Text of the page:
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SOC101 LEC 3

by: Alexis Fulton

SOC101 LEC 3 soc 101

Alexis Fulton

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soc 101 lec 3
Intro to Sociology
Christopher Huggins
Class Notes
25 ?




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This 3 page Class Notes was uploaded by Alexis Fulton on Wednesday January 27, 2016. The Class Notes belongs to soc 101 at University of Kentucky taught by Christopher Huggins in Spring 2016. Since its upload, it has received 34 views. For similar materials see Intro to Sociology in Sociology at University of Kentucky.


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Date Created: 01/27/16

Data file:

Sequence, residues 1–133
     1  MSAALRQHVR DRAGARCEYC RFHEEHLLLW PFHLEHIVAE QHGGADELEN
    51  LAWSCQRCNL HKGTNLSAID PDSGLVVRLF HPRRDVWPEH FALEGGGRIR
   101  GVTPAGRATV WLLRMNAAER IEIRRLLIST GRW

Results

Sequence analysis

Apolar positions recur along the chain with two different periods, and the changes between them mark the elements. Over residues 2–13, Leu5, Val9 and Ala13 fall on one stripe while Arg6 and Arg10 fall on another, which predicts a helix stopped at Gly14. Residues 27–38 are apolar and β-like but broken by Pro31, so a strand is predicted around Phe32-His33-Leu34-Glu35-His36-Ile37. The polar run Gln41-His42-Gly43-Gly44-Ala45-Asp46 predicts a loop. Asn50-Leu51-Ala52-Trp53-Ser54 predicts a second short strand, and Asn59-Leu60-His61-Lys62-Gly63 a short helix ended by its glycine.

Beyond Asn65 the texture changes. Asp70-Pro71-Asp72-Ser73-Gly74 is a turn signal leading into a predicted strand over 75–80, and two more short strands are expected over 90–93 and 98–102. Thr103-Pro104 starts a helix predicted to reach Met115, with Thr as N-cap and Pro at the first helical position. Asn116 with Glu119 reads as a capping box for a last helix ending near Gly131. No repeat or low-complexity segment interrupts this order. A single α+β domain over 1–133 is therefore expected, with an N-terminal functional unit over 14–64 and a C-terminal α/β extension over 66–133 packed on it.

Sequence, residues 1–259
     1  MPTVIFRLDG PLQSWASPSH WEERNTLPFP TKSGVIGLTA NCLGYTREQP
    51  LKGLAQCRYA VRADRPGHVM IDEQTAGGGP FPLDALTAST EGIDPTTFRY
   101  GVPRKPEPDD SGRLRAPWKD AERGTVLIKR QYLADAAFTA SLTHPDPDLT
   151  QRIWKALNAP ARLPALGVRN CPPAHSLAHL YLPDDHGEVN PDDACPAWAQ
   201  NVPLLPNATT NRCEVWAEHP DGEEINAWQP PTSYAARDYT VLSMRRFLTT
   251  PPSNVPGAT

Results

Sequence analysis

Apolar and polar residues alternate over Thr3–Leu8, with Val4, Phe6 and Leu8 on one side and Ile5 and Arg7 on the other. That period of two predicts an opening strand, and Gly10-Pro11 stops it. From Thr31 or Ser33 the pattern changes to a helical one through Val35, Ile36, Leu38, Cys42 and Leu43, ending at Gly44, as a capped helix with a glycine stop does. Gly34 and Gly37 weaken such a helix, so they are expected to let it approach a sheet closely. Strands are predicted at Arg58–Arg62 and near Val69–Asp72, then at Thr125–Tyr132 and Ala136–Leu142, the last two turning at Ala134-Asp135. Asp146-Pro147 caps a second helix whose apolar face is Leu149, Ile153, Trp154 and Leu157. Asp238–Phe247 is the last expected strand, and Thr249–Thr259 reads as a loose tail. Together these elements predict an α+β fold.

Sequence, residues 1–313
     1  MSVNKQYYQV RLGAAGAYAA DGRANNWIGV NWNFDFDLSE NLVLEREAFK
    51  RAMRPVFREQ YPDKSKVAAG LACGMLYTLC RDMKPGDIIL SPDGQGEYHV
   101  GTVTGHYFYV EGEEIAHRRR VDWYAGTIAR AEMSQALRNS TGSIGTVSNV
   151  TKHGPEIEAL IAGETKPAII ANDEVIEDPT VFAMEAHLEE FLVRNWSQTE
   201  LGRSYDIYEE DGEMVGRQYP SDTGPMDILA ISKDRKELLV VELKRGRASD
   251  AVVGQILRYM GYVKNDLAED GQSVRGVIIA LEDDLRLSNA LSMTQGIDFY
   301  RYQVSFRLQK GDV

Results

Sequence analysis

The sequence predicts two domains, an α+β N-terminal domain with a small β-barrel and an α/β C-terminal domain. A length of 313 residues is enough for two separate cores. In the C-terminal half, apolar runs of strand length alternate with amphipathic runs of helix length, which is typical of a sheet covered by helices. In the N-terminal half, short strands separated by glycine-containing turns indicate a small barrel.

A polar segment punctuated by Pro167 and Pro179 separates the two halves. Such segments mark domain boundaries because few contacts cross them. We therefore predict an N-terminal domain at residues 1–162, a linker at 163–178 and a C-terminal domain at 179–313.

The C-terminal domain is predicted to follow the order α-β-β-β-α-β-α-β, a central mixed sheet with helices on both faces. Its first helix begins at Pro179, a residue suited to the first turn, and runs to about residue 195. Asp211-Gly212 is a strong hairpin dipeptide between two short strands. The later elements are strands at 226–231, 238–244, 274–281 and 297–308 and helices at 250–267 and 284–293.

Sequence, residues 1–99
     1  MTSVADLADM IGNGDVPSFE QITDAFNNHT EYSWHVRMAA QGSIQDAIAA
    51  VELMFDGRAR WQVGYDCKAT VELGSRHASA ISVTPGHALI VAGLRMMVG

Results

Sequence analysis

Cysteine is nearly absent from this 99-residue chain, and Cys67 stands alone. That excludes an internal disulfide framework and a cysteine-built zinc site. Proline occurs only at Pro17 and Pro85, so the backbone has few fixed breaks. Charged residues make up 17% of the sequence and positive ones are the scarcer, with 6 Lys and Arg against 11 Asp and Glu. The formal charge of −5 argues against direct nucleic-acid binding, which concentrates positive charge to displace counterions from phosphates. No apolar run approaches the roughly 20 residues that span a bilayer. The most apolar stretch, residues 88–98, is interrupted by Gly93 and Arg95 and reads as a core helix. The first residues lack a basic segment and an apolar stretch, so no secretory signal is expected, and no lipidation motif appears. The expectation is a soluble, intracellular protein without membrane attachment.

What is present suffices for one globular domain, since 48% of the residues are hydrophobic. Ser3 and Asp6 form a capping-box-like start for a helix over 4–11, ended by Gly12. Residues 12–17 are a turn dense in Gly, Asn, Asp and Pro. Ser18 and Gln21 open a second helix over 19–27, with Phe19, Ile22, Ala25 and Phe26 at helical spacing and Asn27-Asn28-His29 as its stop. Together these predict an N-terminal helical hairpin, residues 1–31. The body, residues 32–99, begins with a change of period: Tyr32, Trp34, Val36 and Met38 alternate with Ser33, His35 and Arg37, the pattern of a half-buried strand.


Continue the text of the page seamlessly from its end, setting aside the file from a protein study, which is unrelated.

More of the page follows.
SOC 101 1/27/16 DATA ISSUES  "Hawthorne effect"- people being aware that they're being watched or observed so their answers will not be fully valid. Experiment done when workers were observed, they work better, harder, and faster.  The importance of wording and question structure  Sampling properly SEASON 4 – THE WIRE TOPICS  Bodies in the vacant homes  the problems of the schools  The "truth" of the political process  Interrelatedness of social institutions  Inequality: schools, CJS, and neighborhoods  Culture: different social structural conditions, different cultural outcomes  Politics: personal gain versus public good  People: influenced by the structures and culture affecting their lives; Constraints vs. opportunities THEORIES AND PARADIGMS  Theory- statements regarding how facts are related to each other and the connection between them. Ex- relative deprivation  Paradigms- provide context for theories, "frame of reference". Ex- symbolic deprivation BASIC PARADIGMS/THEORETICAL APPROACHES IN SOCIOLOGY  Functionalist Paradigm (Emile Durkheim) o The Functionalist paradigm describes society as stable and describes all of the various mechanisms that maintain social stability. Functionalism argues that the social structure is responsible for all stability and instability, and that that the social structure is continuously attempting to maintain social equilibrium (balance) among all of the components of society. Functionalism argues that a stable society is the best possible society and any element that helps to maintain that stability must add to the adaptability (functionality) of society. Ex. Human body, made of different things. Of we didn’t have a heart, we would die. If we didn't have an arm, life would be harder. In society it would be norms, rules, criminal justice system, etc.  Levels of analysis: meso to macro  View of society: like an organism  Key assumptions: society is relatively stable, each part provides functions, and investigation of structure most important  Conflict Paradigm (Karl Marx) o The Conflict paradigm does a very good job of explaining racism, sexism, ageism, socioeconomic inequality (wealth and poverty), etc. The Conflict paradigm describes the inequalities that exist in all societies around the globe. Conflict is particularly interested in the inequalities that exist based on all of the various aspects of master status—race or ethnicity, sex or gender, age, religion, ability or disability, and SES. SES is an abbreviation of socioeconomic status and is comprised of the combined effects of income, education, and occupation. Every society is plagued by inequality based on social differences among the dominant group and all of the other groups in society, according to the Conflict paradigm. When we are analyzing any element of society from this perspective, we need to look at the structures of wealth, power, and status and the ways in which those structures maintain the social, economic, political, and coercive power of one group at the expense of all other groups.  Change: Conflict among groups, owners vs. Non-owners  Level of analysis: meso to macro  View of society: social inequality causes conflict that leads to social change w  Key assumptions: resources are limited  Social system maintained to benefit those in power  Symbolic Interactionist Paradigm (W.I. Thomas) o Symbolic Interactionism describes society as small groups of individuals interacting based on the various ways that people interpret their various cultural symbols such as spoken, written, and non-verbal language. Our behavior with and among other people (our interaction) is the result of our shared understanding of cultural symbols. This is a micro-level paradigm that describes small-scale processes and small-scale social systems; it is interested in individual behavior. Ex- understanding what a stop sign means because that's what we all agree on what that sign means.  Key assumptions: reality is socially constructed, no one "truth", and truth emerges from combination of subjectivities  Rational choice Paradigm (Cesare Beccaria and Jeremy Benthem) o Enlightenment ideas of punishment.  Level of analysis: micro to meso  View of humanity: calculating, rational, self-serving  View of society: structure results from the practice of self-serving individuals with limited opportunities PARADIGMS: CRIME  Functionalist- crime is functional  Conflict- crime is the result of an unequal distribution of resources  Symbolic interaction- what does crime mean to the individual?  Rational Choice- people choose crime when structure constraints choices


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